Oh My! The Webs Alive

    December 13, 2005

The Syndicate Conference is going on this week in San Francisco and WebProNews publisher Rich Ord flew out to see what the all the fuss is about. He sat in on the first session by the original Technorati, David Sifry, who tells us what makes the Live Web special.

Editor’s Note: Conference coverage at WebProNews doesn’t stop. iEntry chief Rich Ord is out in San Francisco covering Syndicate. He sat and listened to Technorati Dave Sifry’s session on the Living Web. Give us your thoughts on WebProWorld.

His session, entitled “Searching the World Live Web” covered a lot of ground. This article is essentially a compilation of the things he said during that session. He said the Web is the world’s largest library and a search engine is kind of like a reference librarian. Indices, documents, web pages they are all the language of the library.

Perhaps the truest statement he made is, “It is a web that is constantly changing.” There’s a fundamental shift in how people think about the web. Sifry suggested the web is changing as we know it because “we’re making the change.”

Early on, he drew a comparison between the Web and the flow of a river or a conversation, and explained the web, like the river or the conversation, is changing all the time, yet continuing to flow and as such, the entire web changes all the time. And like that ever-changing river, there’s also a permanent side of it too.

Sifry then went into details about the life of the web itself. The live part of the web is all about conversations and the thing missing from the web is the whole idea of people. He believes the web is shifting away from keyword searches and hyperlinks.

One concept that was difficult for companies like Google to grasp was searching based on time because the search engine doesn’t understand it. Those search engines also don’t take into account the people who are involved with creating the web pages. He said people create documents at a particular time. The signficance of time is that particular resource is scarce and one’s attention is time directed toward a specific purpose.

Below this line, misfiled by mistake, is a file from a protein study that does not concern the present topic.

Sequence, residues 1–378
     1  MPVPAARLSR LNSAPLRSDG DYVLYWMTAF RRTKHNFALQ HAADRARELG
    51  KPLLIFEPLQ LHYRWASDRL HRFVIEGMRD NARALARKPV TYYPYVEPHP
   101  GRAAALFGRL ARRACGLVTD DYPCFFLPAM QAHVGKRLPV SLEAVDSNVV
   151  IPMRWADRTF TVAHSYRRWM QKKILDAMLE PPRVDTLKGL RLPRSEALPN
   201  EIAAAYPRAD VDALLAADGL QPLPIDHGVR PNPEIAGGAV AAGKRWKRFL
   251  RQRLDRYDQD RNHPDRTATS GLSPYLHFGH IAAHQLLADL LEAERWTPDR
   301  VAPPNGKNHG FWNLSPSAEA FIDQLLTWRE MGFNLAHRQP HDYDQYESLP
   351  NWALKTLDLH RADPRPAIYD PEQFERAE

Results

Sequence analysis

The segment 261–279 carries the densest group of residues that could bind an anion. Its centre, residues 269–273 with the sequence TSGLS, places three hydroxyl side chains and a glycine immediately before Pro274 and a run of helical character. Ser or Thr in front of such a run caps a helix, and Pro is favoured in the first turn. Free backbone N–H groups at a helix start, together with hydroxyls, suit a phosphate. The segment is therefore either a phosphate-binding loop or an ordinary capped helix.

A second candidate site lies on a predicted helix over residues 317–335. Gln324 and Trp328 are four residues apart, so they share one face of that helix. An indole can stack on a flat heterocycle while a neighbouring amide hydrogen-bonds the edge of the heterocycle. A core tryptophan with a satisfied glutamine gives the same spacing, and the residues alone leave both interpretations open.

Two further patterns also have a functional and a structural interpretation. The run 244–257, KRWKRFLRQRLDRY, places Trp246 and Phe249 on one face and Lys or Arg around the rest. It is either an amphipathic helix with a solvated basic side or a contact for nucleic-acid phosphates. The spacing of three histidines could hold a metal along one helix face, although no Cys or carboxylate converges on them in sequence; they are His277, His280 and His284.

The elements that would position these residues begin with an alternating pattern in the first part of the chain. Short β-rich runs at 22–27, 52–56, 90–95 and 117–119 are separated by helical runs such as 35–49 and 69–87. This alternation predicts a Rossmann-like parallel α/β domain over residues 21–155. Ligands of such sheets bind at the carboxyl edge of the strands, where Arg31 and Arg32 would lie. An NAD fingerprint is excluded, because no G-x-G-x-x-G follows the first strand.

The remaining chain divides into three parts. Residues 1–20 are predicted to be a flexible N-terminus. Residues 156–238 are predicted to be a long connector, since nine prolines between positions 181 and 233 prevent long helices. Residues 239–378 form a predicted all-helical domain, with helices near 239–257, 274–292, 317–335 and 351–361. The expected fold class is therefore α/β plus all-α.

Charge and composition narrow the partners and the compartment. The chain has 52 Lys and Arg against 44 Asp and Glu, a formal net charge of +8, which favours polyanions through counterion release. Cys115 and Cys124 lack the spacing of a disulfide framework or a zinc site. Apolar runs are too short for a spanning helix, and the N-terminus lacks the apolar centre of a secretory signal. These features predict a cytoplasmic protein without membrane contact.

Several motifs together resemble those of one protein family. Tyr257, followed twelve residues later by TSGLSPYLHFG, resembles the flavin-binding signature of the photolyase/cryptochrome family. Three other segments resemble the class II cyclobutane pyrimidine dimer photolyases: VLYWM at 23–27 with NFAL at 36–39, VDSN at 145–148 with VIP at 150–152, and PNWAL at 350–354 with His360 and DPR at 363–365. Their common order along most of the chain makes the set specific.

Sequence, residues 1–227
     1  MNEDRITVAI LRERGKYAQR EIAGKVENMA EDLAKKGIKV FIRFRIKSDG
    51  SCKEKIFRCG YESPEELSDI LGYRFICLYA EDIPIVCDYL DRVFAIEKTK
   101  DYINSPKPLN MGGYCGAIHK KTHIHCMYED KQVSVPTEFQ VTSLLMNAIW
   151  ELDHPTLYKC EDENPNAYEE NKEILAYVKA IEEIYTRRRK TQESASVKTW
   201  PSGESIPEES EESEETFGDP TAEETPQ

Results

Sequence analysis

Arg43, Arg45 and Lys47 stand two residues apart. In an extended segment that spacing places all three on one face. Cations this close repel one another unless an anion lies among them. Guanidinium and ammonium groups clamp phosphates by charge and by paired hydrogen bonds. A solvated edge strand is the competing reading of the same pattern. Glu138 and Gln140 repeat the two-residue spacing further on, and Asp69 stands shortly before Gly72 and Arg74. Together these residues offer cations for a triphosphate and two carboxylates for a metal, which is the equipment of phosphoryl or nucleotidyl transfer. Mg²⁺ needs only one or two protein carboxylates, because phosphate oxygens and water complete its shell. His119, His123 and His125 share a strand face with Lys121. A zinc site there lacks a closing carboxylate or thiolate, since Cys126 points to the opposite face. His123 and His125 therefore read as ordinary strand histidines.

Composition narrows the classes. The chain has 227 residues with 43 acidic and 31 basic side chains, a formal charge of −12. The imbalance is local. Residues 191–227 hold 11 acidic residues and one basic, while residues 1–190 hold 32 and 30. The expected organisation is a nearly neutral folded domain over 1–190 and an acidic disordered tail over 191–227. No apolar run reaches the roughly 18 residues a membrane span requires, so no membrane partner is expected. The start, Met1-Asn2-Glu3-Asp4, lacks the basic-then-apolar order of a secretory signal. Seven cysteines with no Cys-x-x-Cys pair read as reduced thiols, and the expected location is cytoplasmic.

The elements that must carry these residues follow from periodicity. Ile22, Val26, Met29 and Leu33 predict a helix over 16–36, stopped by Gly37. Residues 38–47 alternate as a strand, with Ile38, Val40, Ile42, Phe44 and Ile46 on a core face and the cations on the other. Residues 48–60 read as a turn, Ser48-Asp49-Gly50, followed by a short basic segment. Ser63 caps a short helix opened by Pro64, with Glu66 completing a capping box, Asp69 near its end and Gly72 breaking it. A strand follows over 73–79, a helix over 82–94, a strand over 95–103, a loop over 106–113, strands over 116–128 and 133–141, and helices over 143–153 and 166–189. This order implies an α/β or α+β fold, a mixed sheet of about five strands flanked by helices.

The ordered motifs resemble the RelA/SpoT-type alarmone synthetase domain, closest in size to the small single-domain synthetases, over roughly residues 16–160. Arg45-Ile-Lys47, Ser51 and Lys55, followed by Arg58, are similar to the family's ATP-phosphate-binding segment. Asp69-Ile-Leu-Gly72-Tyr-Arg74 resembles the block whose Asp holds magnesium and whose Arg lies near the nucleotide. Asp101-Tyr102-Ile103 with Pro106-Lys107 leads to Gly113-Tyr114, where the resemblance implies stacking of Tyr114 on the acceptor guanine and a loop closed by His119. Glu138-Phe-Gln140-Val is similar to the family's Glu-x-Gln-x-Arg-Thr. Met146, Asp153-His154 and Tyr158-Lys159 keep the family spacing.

“For the very first time, average human beings can express their opinions on the web in a personal way.” A weblog could be a lot more than you think too. A blog can be an “expression of a person’s attention stream over time.” New social gestures creep up too. Hyperlinking is a new form of social gesture. The people you link to become a series of social gestures and the people that link to you that’s your reputation. “You have to start listening.”

Sifry mentioned the metrics his company, Technorati, is tracking currently. They track 22.5 million blogs and it doubles in size every five months. The doubling is consistent over the last 40 months too. A new blog is created every second to the tune of about 70,000 a day and that doesn’t include spam blogs either. New Chinese blog growth is slowing and leveling out some.

If the Web is a river, then the blogosphere is like an amoeba reacting to world events. Everyone is a participant and everyone has the power to be like the Wall Street Journal. The web is a live being.

Then he went into some of the dynamics of the blogosphere, saying it had a short head and a long tail. The top bloggers are getting readerships similar to those of medium city newspapers. The bloggers are categorizing themselves via tagging and there are over 60 million posts with tags or categories. “What surprised me was the number of bloggers using tags. About 46.8% of blogs that Technorati tracks are now tagged.”

He also pointed out bloggers are self-organizing and one can see how authoritative they are by looking at the links from other sites in your category.

He discussed the depth of the blogosphere, saying the short head part may have millions of readers but is mostly one-way communication must-sees. The magic middles may have thousands of reader engaged in constant conversation with readers.

The long tail can be anywhere from a handful of readers to hundreds. They are generally tightly focused communities of interest. Unexpected issues may emerge from the long tail and spread throughout the blogosphere.

Sifry also touched on media and blogosphere. He suggested there’s a “terrible amount of symbiosis here. In the 20th century, we had letters to the editor. In the 21st century, we can look at how many people comment in a blog about our articles.”

He wrapped up the session by asking one basic question: “How do you make sense of all this?”

“It’s really about exposing community and adding context. How does one deal with all of the good stuff out there? It goes beyond keyword searches. You must incorporate community and context.”

John Stith is a staff writer for WebProNews covering technology and business.